1). I know my Phase II appointment is late
2). People will drop classes during the first few weeks
3). I was able to enroll in Biology 1B, English R1A and Chemistry 3AL(the lab part) during Phase I
3). Maybe I should just have a 3-course workload for Fall 2007
But I am still a bit annoyed and frustrated…
Ever wonder what the weather is like in Berkeley in August?
When I returned to campus the other week, I laughed as Tom and I drove by someone who was putting on a fuzzy winter coat. When I stepped out of the car, I no longer laughed.
We've had a couple of days where we've seen the sun. Usually that's at about 2pm, after the world has had ample time to heat up. Today it's 61 degrees with 73% humidity. There's a mist that covers everything in the mornings and evenings, plus a constant drizzle of rain throughout the day.
Yeah I really can't believe it but one week from today I will be back in Berkeley. One week from today...it's ON! Sucky thing is I just finished summer school and now I have to go back to Cal a good 3 weeks before the semester even starts. The first week I am back (the 11-16th) I have healthworker training, then the week following I have polish week (what my sorority calls the hectic week we use to prepare for fall rush), then I have welcome week and actual sorority rush before the semester begins. And of course I haven't forgotten about my new tough classes: chem 3b, calc, upper div arabic, and philisophical arabic text...talk about work. On the bright side, I managed to get fridays off so no classes, labs or section Fridays..wohoooo for three day weekends! I guess I learned some tactics from my freshman year mistakes...wait...omgosh...I am a sophmore...ahhh!!!!
Posted by Rola Abduljabar Rabah at 1:17 | Permalink
02 August 2007
Relay For Life
Hey again. Relay for Life was on July 27-28 this year in my hometown. I've participated in Relay for Life for two years now and have joined American Cancer Society for three years now. Every year it's exciting. Every year brings wonderful feelings. Especially the luminaria ceremony. When all the participants gathered on the track for the luminaria ceremony, the glow sticks shone brightly and everyone walked the track while music played in the background. Then, we all discurssed how we, the participants are the "HOPE".Hope for cancer patients and cancer prevention. For now, I just want to share more info about recent cancer news. This was taken from http://www.cancer.org/docroot/NWS/content/NWS_1_1x_How_Much_Do_You_Know_About_What_Causes_Cancer.asp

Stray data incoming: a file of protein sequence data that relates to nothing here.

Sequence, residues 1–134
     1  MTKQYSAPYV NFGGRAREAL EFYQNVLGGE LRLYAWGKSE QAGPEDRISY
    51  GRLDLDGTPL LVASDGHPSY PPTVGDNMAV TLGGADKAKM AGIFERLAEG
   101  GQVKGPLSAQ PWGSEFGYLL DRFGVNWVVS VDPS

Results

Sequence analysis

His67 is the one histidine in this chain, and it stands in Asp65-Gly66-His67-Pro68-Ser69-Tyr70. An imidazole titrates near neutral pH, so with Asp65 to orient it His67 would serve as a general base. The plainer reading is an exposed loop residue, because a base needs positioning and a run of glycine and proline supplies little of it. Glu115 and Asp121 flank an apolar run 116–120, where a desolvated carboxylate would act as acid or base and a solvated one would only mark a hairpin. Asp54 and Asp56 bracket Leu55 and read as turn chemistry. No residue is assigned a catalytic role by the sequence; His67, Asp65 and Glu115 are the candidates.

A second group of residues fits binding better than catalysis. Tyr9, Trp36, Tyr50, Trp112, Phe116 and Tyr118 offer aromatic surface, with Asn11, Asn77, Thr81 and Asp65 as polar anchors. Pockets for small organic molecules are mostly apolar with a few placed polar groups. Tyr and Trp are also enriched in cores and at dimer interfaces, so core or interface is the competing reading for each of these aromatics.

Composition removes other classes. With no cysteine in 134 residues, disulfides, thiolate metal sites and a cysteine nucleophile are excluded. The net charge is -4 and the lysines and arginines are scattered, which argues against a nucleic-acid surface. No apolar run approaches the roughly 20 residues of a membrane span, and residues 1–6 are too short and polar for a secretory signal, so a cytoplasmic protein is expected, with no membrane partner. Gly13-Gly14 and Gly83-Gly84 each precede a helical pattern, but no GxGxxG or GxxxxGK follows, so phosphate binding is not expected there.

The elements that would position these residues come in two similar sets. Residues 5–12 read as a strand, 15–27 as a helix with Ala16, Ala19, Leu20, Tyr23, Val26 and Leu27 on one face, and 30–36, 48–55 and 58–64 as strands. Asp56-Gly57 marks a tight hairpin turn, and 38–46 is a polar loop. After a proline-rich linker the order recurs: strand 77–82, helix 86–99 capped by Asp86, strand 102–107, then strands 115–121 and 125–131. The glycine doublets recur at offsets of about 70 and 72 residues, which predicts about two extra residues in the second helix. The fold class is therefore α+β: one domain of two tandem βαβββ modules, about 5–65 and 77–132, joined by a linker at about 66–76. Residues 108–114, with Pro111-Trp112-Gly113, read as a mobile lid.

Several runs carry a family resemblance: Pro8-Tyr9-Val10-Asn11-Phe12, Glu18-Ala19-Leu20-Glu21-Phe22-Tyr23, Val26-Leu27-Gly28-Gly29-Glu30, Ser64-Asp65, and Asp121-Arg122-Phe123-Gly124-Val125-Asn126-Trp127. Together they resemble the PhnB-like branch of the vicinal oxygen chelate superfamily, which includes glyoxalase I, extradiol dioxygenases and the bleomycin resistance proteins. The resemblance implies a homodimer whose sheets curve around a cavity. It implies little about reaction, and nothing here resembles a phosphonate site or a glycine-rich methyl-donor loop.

I am really excited for fall 2007 because that will be the start of my official term as Healthworker for my sorority. If you haven't already lived in the dorms and met with many healthworkers or at leats heard about the healthworker program during CalSo then I'll fill you in quickly. Basically the Healthworker program is a division of the Tang center and is an efficient and student-run way to ensure safety and health awarness among the Berkeley students. There is a healthworker assigned to every sorority and fraternity house, every other floor in dorms, every co-op and in the Berkeley community. Healthworkers are chosen through an extensive application and interview process and then undergo a week training in the fall and spring semester plus they enroll in a Berkeley weekly class. Healthworkers are CPR and first aid certified and continuously learn about health related issues, health solutions, and the safety of college students. In additon to assisting anyone with basic medical needs, the healthworker is responcible for spreading awarness about health. As a sorority healthworker I have to always be on the look out for new health issues among my sisters including issues like stress, drinking, drugs, and safe sex. If a new problem arises or increases I am responcible for making presentations about prevention methods to my house. The healthworker job is full time 24/7 and is non-paid for a full year. A healthworker carries a lot of responcibilities but comes out in the end with a lot of knowledge and experience. You don't necessarly have to be a science major or pre-med to be a healthworker you just have to be dedicated, deciplined, committed, hardworking, responcible, approchable, and professional.
The healthworker program has been extremely successful and popular in Berkeley since its establishment in 1971. Only a handfull of schools have a program similar to the Healthworker program and Berkeley's program is often praised by other schools for its great impact and sucess!
I am really excited to start my fall training August 11th-16th before welcome week. If you are interested in the healthworker program for next year visit the UHS website or shoot me any questions and I'll be happy to answer them or direct you as best as I could.